< Back to current issue of Immigration Daily < Back
to current issue of Immigrant's Weekly
[Congressional Record: March 19, 2001 (Senate)]
From the Congressional Record Online via GPO Access [wais.access.gpo.gov]
STATEMENTS ON INTRODUCED BILLS AND JOINT RESOLUTIONS
By Mr. HATCH:
S. 560. A bill for the relief of Rita Mirembe Revell (a.k.a. Margaret
Rita Mirembe); to the Committee on the Judiciary.
Mr. HATCH. Mr. President, I rise today to introduce a private relief
bill for Rita Mirembe Revell. Rita is a 15-year-old child from Uganda
who was brought to this country in 1994. When Rita was 18 months old
she was left with the Daughters of Charity Society, a Catholic
organization in Kampala, Uganda. Rita was an orphan, abandoned with no
Rita has resided in the United States under a student visa since
1994. As an orphan the only parents she has ever known are her American
guardians, who have sponsored Rita since she was three years old. They
want very much to adopt Rita, but they have been unable to get around
the mess of international red tape. The Ugandan Government has very
strict policies concerning adoption by foreign nationals. Now as Rita
approaches her 16th birthday she is in danger of being deported. Rita
has formed an intimate bond with her American parents, who hope to
complete the adoption as soon as possible. Papers for adoption have
already been filed, while there are bureaucratic difficulties, the
adoption is not contested by any party.
Understandably, the family is concerned that Rita will be deported
before her adoption is finalized. This bill simply gives Rita permanent
residency so that she might remain with the only parents she has ever
known while her adoption becomes final. Other immigration scenarios
would require Rita to return to an unsafe country for an unknown period
of time. She has no known family in Uganda. Her new life is in
California where she was recently admitted to Loretto High School, an
outstanding college preparatory high school.
This bill gives Rita permanent resident status, which will allow her
to remain in the country while the adoption process continues. It
allows Rita to stay with her American parents in the country that she
now calls home. The bill also offers the comfort of certainty for her
I hope that we can move quickly to grant this relief.
By Mr. REID (for himself, Mr. Daschle, Mr. Kennedy, Mr. Dodd, Mr.
Graham, Mr. Schumer, Mr. Reed, Mr. Kerry, Mrs. Clinton, Mr.
Corzine, Mr. Durbin, and Mrs. Boxer):
S. 562. A bill to amend the immigration and Nationality Act with
respect to the record of admission for permanent residence in the case
of certain aliens; to the Committee on the Judiciary.
Mr. REID, Mr. President, family reunification is the cornerstone of
our immigration policy. It is truly one of the most visible areas in
government policy in which we support and strengthen family values.
Family unification translates into strong families and strong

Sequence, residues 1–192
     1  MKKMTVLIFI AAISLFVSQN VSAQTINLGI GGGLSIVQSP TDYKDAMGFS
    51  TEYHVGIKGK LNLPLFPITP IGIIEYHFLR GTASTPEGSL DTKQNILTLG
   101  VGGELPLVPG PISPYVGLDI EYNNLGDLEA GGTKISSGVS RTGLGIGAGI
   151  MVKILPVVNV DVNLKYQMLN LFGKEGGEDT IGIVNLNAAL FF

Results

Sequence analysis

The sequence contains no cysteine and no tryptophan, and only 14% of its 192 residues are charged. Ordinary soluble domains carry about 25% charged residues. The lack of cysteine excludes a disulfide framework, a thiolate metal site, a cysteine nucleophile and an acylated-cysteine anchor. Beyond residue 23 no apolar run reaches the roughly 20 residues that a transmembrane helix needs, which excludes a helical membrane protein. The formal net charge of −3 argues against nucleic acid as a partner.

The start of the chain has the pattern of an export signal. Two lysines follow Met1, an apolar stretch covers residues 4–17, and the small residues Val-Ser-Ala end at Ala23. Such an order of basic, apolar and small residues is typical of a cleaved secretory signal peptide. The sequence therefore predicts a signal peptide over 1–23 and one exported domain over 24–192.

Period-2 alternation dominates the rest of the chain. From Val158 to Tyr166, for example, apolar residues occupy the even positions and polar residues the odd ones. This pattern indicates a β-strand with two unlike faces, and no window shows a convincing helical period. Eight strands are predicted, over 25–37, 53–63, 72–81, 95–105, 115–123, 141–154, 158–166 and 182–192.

families build strong communities. For that reason I am introducing the
Working Families Registry Act.
This bill would allow immigrants who have been working and raising
families in the country since and before 1986 to apply for permanent
In my home State of Nevada I have met with people who everyday fear
being deported and separated from their families. They are married to
Americans, have American children and have worked and been paying taxes
for many years. They help and do not harm our industry and our economy.
A change in the date of registry would help these families. This bill
would solve the problem of immigrants who have been paying taxes, who
have feared being deported and separated from their families.
The Working Families Registry Act would update a provision of
immigration law known as ``registry.''
The registry provision originated in a 1929 law and in 1958 that law
became available to foreigners who had entered the country illegally or
who had overstayed. This criteria remains today and sets a required
date for which continuous residence must be shown in order to qualify
for permanent U.S. residency. The date of registry currently sits at
1972, and was last adjusted in 1986. My legislation would update the
date of registry from 1972 to 1986. A change in the date of registry is
First, it would address the uncertainty of taxpaying immigrants who
would qualify for residence under this bill. Many of these immigrants
live in fear of being separated from their families, having their
worker's permits stripped and their residency status revoked.
Secondly, the legislation would help strengthen the immigrant
contributions to our national economy, tax base, and social fabric. The
guaranteed benefits of residence (e.g., access to basic health care and
education) provide for a more productive and effective workforce.
Third, we recognize today, as so many legislators did in the past
that immigrants who have remained in the country for an extended period
of time are highly unlikely to leave.
Fourth, if an update of the registry is not achieved, the validity of
this concept will be meaningless when this issue emerges in the future.
Finally, Americans care about this issue.
A recent poll conducted by the National Immigration Forum found that
55 percent of Americans strongly favor legalizing a limited number of
undocumented immigrants. That is, those immigrants who have been
raising their families and paying their taxes--and who can prove they
have been in the United States for more than 5 years.
I believe it is in America's interest to pass The Working Families
Immigrants' relationships with the United States are predicated by
the recognition of America's greatness. And, keeping families together,
keeps America great.
Please join my efforts to make this bill law, as we continue to seek
ways to keep America's working families together.
Share this page
Bookmark this page
The leading immigration law publisher - over 50000 pages of free information!
© Copyright 1995- American Immigration LLC, ILW.COM